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Here is the bracket removed from the top form the interior as you can see the bracket mounts with two tabs on the motherboard tray side, while the two thumbscrews fasten the bracket securely at the top.

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Here we installed the included magnetic filter, and you can see that the filter fits well and has foam pads to ensure the filter assembly seals against the top of the chassis.

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At the bottom of the 680X, we see the interior of the bottom chassis mounting for cooling. The slotted mounting once again for dual 120mm or 140mm. Depending on expansion card installation, radiator mounting and thickness may be limited here to avoid motherboard interference.

Inside the 680X Continued

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Here we see the massive CPU cutout; it is sizeable enough to accommodate any CPU cooler we have seen to date comfortably. Here we can also see that the motherboard mounting is well below the top, which means there is a sizeable space for thicker top-mounted radiators. This is welcome as it helps to avoid interference between cooling and motherboard components or installed RGB memory should you choose such an application. Also, note that the motherboard is surrounded by a broad array of pass-through cable holes, which help accomplish tidy cable management.

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Here in the rear cable management area, we see the business end of the 680X. Here is where all cables will be routed, PSU installed and storage managed. To the top right, we see the 3.5" and 2.5" drive cages. Lower middle, we see the preinstalled lighting node and hub to feed the included LL fans RGB control. The bottom bracketry is in place to support PSU installation.

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Here we have the drive cages; the 3.5" drive trays are tool-less with pegs in each tray to retain the HDD. The 2.5" plastic cages have a lever style retention where you can slide the notch on the side, which allows the SSD to pop out.

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Here we have the RGB control, which comes preinstalled in the 680X. This is where you can connect any extra LL fans as you add them, and the Node below also has a second channel that can support RGB LED strips for internal case lighting. This unit is controllable via Corsairs' iCUE software.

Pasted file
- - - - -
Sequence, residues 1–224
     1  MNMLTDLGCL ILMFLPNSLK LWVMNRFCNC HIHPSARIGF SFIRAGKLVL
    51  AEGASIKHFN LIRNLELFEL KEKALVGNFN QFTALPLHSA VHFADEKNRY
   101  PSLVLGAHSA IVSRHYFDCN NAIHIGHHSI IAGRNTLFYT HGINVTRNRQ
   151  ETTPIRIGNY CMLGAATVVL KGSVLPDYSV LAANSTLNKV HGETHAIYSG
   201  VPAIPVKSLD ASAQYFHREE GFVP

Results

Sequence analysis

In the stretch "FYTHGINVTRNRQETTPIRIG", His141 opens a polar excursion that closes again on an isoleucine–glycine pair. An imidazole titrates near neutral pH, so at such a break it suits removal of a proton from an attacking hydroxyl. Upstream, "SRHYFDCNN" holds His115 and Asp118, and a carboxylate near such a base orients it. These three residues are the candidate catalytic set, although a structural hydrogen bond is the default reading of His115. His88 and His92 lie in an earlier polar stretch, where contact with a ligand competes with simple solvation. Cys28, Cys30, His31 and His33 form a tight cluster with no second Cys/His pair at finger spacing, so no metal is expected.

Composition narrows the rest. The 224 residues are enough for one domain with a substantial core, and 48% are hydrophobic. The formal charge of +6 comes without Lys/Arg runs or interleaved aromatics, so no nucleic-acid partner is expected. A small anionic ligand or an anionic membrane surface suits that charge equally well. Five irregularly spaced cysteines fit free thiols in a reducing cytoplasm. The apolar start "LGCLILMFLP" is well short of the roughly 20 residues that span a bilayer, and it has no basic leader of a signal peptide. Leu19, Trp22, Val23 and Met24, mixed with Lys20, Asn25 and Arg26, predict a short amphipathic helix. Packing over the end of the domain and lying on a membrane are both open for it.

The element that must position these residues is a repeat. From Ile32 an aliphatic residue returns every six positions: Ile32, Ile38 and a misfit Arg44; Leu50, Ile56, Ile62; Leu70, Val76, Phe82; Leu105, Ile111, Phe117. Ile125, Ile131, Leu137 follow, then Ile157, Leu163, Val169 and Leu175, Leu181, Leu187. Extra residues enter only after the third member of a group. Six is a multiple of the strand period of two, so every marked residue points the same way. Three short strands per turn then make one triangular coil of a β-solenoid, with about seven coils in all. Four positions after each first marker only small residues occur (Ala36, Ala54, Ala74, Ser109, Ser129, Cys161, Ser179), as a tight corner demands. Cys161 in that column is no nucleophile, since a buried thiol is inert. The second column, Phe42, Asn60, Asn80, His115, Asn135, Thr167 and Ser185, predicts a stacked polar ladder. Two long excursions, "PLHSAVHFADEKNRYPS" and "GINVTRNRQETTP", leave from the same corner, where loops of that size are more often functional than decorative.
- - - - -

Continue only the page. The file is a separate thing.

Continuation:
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Here we have the PSU bracket, which supports the PSU standing on its side rotated ninety degrees. The bracket has front support to hold it tightly to the rear mounting area. The braces also have foam rubber circle pads for the PSU to rest upon.

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The front panel cables are as follows: (Note: one SATA power connector was not long enough to photo)

  • USB 2.0 10-pin header (For Lighting Node)
  • HD Audio Header
  • Power, Reset, and Power LED headers
  • USB 3.2 Gen 2 header
  • USB 3.2 Gen 1 header
  • 2x SATA power connectors (one for Lighting Node, one for the RGB Hub)

The front panel connectivity covers all of the connectivity and the additional RGB amenities. The I/O offers both dual Type-A and a Type-C connector for the newest high speed I/O available for chassis.

Hardware & Documentation

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The accessory package is sizeable and is as follows.

  • 12x zip ties for cable management
  • 24x short fan screws
  • 24x motherboard and HDD mounting screws
  • 12x ODD and SSD mounting screws
  • 8x long fan screws
  • 4x short rubber spacers
  • 1x extra motherboard standoff

The included screws are more than enough for most systems, which will be used in the 680X. The motherboard/HDD screws also work for PSU if your PSU is second hand or did not have screws included.

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The manual is a booklet style with 52 pages split between six languages ending on page 48. The final few pages are for conformity and safety regulatory information.

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The final accessory worth mentioning would be the top-mounted fan filter, which comes separately. This is the same filter we showed on the top fan bracket we installed.

Case Build & Finished Product

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Taking a look at the front, it does not look any different after being built as the LL fans obscure the view of the components now installed within.

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The build is now complete, and everything went in very quickly. The board and GPU went in with ease, but the part that helped a lot was the removable trays. This allowed me to install the H100i radiator to be installed without having to hold it in place up top while fidgeting with screws. Once the radiator was affixed to the bracket, it was as easy as putting the tabs of the bracket in place, then just threading the captured thumbscrew into the chassis.

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The rear I/O is a mirror image of the previous empty image but with the necessary ports now filled. All of the devices lined up, and everything is accessible with ease, and no significant issues were observed.